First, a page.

Assistant superannuation minister Jane Hume said the government had no plans to increase taxation on Australia’s $3 trillion retirement pool to help pay for its giant stimulus package aimed at preventing the country from sliding into a deep recession. Retirement experts don’t believe her.
“The federal government made it very clear going into the last election that there would be no new or higher taxes on superannuation,” Hume said in an emailed statement to Investment Magazine. “It has no plans to make changes to the taxation of superannuation.”
Hume’s statement was in response to comments made by leading retirement experts who expect Canberra to slap a tax on superannuation to help repay the $320 billion stimulus package. Rice Warner executive director Michael Rice at the time said that the need to raise taxes over the next ten years to pay for all the new debt would point Canberra towards the areas of super that are still “heavily benevolently taxed.”
The Grattan Institute’s John Daley said higher taxes were “a certainty” and that he doesn’t buy the minister’s remark.
“Any politician will deny that they are looking at raising taxes on super until the day that they do it,” he said. Further, he anticipates a tax hike to be announced at the 2021 May budget on the basis that half of the tax concessions flow to the wealthiest 20 per cent income earners.
Mercer’s David Knox also reiterated his view that the government will reconsider the current tax arrangements in a post-COVID-19 environment. “However, given that we have not yet reached the final point, it is likely that the Government has not yet turned its mind to the possibilities,” he said.
Stephen Jones, the shadow minister for financial services, said the federal government would have a huge fight on its hands if it tapped into super to repay the stimulus package.
“If we start using super as a rainy-day money, we just destroy the entire retirement income system which is built around long-term investment and sustainable inputs to provide for retirement income,” he said.
The member for Whitlam also slammed the government’s early release provision as well as the media criticism of Hostplus and Rest for failing to anticipate the havoc wreaked by the coronavirus crisis.
“The government didn’t foresee it, the banks didn’t foresee it, the central bank didn’t foresee it so why is it unreasonable that the super funds didn’t foresee it,” he said. “Are we suddenly demanding a high standard of (insight) from super funds?”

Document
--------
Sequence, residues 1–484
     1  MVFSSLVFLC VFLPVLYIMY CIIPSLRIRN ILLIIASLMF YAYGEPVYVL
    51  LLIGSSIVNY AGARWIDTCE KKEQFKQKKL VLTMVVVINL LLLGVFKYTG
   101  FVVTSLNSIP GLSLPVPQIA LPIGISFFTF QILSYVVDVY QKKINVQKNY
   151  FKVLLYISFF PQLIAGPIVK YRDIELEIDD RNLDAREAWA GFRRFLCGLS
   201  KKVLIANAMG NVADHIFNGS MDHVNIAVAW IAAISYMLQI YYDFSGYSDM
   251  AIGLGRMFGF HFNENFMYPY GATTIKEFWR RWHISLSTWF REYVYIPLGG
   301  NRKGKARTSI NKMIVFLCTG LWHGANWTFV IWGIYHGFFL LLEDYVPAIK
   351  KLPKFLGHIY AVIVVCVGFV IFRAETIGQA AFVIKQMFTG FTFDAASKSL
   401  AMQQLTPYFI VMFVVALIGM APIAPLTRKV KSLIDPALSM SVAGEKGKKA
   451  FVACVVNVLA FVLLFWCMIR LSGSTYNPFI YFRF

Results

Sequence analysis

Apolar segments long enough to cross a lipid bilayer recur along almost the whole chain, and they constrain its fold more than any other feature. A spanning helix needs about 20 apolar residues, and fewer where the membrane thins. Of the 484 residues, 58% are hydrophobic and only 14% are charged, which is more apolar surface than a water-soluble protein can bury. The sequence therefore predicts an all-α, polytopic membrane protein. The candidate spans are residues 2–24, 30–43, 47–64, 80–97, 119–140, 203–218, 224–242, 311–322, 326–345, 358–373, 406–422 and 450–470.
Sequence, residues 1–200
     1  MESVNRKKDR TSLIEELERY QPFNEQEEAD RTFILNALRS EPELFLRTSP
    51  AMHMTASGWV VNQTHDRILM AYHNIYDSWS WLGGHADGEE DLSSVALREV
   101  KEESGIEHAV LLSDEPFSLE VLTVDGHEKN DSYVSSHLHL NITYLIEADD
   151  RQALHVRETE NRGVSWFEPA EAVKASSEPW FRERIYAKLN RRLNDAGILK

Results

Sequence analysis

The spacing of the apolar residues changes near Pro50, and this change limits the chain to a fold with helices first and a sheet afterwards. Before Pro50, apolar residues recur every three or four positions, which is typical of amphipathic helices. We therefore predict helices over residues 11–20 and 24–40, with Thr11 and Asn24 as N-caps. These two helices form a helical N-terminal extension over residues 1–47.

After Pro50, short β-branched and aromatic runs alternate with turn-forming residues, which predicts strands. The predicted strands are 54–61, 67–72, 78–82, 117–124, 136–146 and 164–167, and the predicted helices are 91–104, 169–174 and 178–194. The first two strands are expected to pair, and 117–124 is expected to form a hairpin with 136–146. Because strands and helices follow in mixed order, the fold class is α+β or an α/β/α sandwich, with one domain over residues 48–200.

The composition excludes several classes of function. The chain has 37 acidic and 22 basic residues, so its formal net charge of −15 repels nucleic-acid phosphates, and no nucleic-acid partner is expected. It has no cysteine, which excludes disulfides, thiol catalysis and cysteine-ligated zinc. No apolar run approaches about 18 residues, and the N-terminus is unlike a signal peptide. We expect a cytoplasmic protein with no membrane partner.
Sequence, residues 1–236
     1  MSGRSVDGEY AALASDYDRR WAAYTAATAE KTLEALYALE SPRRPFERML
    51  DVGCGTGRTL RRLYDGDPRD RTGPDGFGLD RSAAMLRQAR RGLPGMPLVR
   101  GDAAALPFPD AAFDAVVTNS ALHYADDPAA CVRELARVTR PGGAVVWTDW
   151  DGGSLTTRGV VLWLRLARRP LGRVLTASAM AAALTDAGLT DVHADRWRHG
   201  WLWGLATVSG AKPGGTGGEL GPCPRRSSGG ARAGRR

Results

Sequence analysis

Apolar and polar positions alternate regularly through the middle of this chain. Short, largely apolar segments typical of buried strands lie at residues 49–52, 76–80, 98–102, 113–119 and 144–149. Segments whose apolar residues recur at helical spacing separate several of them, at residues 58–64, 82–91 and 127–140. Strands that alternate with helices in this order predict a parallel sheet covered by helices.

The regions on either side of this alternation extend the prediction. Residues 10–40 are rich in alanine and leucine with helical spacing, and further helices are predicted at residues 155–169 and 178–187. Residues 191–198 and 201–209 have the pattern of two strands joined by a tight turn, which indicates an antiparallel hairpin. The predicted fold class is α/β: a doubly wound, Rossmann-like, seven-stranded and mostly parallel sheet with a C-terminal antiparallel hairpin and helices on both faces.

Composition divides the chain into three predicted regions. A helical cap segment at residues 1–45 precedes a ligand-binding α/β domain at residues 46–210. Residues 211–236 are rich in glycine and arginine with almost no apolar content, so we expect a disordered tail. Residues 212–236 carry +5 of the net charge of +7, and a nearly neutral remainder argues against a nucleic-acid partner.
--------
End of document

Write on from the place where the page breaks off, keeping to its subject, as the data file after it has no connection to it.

Hume said superannuation trustees were expected to manage their legal obligations responsibly to ensure that they have appropriate liquidity to deal with market volatility and other demands on the fund driven by membership changes or payments.
“Superannuation funds should be holding diversified portfolios and trustees are required to constantly assess investment risk and opportunities while ensuring adequate liquidity,” she said, before adding that the early release of super was nothing new.
The minister said funds should have been prepared for an economic environment that combines a bear market, members switching, as well as a spike in unemployment that could result in reduced contributions and financial hardship claims.
“When we look back maybe switching to cash by members will have been a much bigger factor than the early release of super,” she said. “Claims that the expanded criteria for early release of super will lead to large changes in investment strategies don’t stand up to scrutiny. Rather, they suggest some funds have long been running fairweather-only investment strategies.”
Meanwhile, Jones called the abruptly-introduced early release policy as “incredibly ill-conceived”.
“I would be quite confident when we review early release in a few years down the track it will be seen as a mistake,” he said. “We are going to lean that we have robbed thousands of Australian of millions of dollars in retirement savings when it wasn’t necessary to do so.”